Sometimes, I don’t even know what to believe any longer. At one point, the Muslim versus Christian narrative looks so compelling, but a few hours later it all comes crumbling down. Then we settle for the Fulani domination theory. But it soon becomes clear that the ‘herdsmen’s’ bullets do not discriminate against the Fulani, and then you begin to toy with the North versus South analogy. But even that soon collapses like a house of cards.
It then dawns on you that it’s our collective humanity that is at stake. Unfortunately, there’s not a great deal we can do. For those who we have collectively ceded our monopoly of violence to, are now using it against us, instead of using it for us. That is why so many respected voices are pointing to a trail of conspiratorial silence and acquiescing inaction from the highest offices in the land.
Now, add all of that to hunger and unemployment and social media, and you get the mental picture of a delinquent blindly racing towards gunpowder with a lighted match.
And as if all of this does not matter, our leaders are blindly engrossed in 2019. PDP politicians who lost in the leadership tussle are decamping to APC. An APC governor, who should be more interested in battling Boko Haram in his state, is sending delegations to Abuja to stop another ex-governor from returning to the party. Instead of Rivers State politicians joining hand to address the soot that is instalmentally killing the people, they are busy freezing accounts and stockpiling money for 2019 and upcoming local government elections.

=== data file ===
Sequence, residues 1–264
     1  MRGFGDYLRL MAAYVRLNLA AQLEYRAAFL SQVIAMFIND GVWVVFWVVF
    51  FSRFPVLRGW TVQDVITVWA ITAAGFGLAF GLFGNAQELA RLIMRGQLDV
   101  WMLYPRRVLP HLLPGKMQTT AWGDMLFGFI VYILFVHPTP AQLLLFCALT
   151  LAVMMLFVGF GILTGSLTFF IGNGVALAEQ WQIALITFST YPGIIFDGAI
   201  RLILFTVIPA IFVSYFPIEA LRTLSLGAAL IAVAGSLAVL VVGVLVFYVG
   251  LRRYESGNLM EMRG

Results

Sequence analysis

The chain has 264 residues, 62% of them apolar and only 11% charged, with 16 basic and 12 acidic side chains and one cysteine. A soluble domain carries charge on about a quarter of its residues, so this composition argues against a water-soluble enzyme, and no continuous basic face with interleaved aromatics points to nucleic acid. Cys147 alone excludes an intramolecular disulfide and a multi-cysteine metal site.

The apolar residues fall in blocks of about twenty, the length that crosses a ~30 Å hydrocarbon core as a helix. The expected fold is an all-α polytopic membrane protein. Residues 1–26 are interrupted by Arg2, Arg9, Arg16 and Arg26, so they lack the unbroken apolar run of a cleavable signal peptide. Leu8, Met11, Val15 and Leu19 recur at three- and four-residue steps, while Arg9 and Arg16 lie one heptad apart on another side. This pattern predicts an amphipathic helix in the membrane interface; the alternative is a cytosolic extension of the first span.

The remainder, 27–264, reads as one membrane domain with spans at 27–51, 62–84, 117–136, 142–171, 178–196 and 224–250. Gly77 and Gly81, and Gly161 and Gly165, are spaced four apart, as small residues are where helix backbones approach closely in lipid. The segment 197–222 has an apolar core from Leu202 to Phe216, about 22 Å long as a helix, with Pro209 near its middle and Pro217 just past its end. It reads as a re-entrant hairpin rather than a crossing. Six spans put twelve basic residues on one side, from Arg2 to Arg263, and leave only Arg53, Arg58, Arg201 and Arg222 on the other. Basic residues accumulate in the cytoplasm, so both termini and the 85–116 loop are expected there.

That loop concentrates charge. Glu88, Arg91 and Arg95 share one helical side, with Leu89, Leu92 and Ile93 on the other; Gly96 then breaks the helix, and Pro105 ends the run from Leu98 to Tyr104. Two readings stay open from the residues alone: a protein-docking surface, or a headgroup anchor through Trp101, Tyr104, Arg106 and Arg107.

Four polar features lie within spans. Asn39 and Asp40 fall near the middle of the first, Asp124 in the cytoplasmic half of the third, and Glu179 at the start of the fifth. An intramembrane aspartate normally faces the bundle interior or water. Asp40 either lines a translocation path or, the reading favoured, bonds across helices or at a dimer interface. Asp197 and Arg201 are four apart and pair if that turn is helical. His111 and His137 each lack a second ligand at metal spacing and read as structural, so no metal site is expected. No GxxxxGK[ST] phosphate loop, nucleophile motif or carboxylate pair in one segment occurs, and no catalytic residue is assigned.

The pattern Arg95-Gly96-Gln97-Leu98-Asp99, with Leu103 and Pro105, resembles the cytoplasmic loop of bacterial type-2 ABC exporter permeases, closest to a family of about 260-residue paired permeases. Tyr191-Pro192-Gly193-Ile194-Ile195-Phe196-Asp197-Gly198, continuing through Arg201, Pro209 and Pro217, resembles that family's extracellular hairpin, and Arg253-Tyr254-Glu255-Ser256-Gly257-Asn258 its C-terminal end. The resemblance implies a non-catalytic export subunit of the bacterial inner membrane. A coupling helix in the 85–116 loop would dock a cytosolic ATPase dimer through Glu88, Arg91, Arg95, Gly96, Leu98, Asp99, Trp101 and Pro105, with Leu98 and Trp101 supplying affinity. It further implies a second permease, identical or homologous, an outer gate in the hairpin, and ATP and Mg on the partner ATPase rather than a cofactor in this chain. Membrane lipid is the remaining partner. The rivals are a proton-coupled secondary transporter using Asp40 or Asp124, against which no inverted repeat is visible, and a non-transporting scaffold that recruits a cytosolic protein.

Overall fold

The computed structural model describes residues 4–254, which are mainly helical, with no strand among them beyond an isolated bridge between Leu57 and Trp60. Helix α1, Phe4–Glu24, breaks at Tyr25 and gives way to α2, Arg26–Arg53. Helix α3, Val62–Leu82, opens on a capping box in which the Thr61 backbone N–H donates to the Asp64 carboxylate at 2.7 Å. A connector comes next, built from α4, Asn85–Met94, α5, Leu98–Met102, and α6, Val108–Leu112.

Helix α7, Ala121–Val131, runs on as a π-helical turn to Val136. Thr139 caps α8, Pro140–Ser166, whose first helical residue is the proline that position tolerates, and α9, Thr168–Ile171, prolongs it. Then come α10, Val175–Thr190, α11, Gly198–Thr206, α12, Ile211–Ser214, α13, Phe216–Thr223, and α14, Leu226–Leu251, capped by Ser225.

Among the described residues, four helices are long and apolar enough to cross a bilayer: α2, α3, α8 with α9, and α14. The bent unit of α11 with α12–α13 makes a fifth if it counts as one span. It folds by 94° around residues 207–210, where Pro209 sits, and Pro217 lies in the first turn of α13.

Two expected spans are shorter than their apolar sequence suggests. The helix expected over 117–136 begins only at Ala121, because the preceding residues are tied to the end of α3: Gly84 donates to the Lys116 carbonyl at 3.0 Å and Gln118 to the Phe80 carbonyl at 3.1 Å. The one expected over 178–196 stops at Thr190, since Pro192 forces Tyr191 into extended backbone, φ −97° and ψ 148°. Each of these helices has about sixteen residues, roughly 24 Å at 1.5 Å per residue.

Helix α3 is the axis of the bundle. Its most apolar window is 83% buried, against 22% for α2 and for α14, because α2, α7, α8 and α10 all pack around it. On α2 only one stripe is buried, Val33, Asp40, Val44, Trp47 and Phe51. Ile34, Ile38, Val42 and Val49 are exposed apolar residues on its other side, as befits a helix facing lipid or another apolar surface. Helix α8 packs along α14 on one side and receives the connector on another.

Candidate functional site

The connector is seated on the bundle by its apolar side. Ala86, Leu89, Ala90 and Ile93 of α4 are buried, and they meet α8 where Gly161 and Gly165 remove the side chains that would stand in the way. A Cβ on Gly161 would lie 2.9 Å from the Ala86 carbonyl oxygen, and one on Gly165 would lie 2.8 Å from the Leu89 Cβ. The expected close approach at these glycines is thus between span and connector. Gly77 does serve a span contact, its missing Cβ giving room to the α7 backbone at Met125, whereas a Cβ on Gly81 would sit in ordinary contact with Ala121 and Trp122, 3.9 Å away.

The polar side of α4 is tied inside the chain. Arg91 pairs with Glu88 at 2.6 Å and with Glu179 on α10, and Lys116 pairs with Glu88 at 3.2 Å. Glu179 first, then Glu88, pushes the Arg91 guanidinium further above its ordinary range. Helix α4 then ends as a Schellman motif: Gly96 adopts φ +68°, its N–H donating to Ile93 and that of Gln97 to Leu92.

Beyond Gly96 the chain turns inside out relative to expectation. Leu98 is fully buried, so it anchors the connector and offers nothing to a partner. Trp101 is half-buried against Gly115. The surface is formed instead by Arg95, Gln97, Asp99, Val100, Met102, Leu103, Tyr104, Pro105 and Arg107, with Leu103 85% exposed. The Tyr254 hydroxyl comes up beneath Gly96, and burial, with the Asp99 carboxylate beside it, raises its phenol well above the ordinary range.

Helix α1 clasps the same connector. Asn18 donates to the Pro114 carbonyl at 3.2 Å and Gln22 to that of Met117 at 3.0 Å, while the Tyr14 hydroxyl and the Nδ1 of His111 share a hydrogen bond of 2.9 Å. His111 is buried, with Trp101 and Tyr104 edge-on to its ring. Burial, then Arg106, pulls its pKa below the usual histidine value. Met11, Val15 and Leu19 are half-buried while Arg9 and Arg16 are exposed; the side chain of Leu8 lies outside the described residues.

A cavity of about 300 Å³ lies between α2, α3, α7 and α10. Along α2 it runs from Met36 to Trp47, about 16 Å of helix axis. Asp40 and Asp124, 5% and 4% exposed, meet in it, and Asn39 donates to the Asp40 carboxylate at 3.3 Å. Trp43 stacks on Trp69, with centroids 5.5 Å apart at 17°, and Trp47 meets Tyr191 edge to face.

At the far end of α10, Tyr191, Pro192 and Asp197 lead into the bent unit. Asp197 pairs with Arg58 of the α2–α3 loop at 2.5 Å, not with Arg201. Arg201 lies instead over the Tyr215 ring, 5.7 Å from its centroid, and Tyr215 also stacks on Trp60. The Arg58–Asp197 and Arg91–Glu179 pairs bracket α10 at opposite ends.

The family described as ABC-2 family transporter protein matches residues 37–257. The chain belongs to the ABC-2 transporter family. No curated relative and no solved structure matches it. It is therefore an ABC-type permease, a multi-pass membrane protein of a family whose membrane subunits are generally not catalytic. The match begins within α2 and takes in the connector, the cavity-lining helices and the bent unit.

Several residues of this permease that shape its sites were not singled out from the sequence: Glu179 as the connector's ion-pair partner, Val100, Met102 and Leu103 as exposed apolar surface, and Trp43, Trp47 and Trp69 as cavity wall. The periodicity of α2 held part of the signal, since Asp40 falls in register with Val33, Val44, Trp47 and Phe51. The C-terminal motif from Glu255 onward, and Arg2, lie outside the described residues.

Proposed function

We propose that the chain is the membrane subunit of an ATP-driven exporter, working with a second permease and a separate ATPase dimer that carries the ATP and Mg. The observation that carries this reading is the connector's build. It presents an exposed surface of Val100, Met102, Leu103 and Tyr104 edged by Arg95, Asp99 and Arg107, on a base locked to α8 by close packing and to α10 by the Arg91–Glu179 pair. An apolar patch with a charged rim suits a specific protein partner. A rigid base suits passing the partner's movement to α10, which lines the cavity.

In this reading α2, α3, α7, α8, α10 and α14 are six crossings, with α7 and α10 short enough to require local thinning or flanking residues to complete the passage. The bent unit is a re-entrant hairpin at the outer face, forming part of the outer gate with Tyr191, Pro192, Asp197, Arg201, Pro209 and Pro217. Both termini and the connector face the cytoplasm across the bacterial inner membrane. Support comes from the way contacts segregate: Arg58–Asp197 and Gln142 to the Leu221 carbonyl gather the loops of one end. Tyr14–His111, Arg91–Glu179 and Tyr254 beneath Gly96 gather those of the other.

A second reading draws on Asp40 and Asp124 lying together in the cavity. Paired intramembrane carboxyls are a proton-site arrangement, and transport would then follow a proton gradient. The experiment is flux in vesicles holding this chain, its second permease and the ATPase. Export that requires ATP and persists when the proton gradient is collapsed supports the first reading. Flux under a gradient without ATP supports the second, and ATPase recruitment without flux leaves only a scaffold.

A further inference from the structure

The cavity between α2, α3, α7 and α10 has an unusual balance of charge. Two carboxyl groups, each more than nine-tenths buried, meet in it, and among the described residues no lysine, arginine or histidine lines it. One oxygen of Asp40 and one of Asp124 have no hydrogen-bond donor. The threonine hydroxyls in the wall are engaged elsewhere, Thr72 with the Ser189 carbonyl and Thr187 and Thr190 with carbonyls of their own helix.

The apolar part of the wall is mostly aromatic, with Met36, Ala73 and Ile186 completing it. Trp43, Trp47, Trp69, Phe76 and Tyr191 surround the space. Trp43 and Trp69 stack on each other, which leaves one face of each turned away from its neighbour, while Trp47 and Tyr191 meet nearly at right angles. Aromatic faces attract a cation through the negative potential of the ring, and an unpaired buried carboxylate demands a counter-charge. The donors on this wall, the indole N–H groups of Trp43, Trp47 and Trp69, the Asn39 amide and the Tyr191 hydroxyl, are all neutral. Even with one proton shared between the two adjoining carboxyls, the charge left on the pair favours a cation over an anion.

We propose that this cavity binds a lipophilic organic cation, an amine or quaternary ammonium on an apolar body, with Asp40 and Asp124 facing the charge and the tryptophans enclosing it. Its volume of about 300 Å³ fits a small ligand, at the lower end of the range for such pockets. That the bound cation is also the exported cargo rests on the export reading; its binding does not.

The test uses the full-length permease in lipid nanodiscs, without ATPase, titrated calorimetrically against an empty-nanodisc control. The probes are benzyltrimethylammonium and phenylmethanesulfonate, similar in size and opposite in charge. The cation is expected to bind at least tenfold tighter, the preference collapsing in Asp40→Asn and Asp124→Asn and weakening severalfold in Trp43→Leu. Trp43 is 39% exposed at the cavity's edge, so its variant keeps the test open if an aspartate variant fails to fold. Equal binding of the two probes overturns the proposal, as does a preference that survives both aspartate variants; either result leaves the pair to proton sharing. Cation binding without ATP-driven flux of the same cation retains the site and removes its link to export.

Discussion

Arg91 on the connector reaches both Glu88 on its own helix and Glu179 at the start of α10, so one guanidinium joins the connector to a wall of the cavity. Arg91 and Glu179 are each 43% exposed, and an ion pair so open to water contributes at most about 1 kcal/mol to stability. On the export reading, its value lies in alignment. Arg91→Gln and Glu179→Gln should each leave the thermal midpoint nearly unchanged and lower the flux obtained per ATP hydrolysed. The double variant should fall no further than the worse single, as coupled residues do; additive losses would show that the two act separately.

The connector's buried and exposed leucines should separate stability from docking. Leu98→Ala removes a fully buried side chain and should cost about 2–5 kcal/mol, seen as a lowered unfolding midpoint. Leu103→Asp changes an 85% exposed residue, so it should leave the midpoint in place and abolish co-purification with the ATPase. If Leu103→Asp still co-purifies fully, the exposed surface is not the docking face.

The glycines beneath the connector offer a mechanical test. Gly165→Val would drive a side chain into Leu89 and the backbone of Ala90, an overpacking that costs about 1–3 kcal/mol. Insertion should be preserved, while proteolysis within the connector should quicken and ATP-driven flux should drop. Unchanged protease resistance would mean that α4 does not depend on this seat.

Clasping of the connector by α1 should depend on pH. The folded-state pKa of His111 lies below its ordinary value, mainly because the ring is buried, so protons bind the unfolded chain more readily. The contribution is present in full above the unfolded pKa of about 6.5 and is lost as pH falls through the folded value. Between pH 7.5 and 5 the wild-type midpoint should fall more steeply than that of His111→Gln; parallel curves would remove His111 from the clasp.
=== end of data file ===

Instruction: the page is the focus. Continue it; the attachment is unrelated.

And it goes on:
It just never seems to occur to any of them, north, south or middle belt, that at the rate we’re going, we might not have a country by 2019. God forbid!
It was, therefore, heart-warming to hear Trump bring us back to our senses, and remind us of the things that really matter. What Trump did not know, however, is that Christians, Muslims, traditionalists and all are under attack, even though one of them smugly believes it is enjoying the upper hand in the killings.
Our nation has since become one ceaselessly streaming movie of the atrocious. Every new day, we are greeted with a new atrocity – many of them of the magnitude that would make the Devil himself shudder in shock. Or, as the Benin people would say, the kind of evil that would make Satan turn his back. But we have since outgrown shock. In fact, as I write this piece today (Tuesday), rescue efforts are still on in Mubi, Adamawa State, gathering the pieces of mangles bodies and shredded human beef, victims of yet another twin suicide bomb attack.
Casualty figures were still not in at this moment, but a conservative estimate initially put it at 20 dead. Of course, we no longer count the living dead – those permanently maimed and disfigured by shrapnel.
May God help us.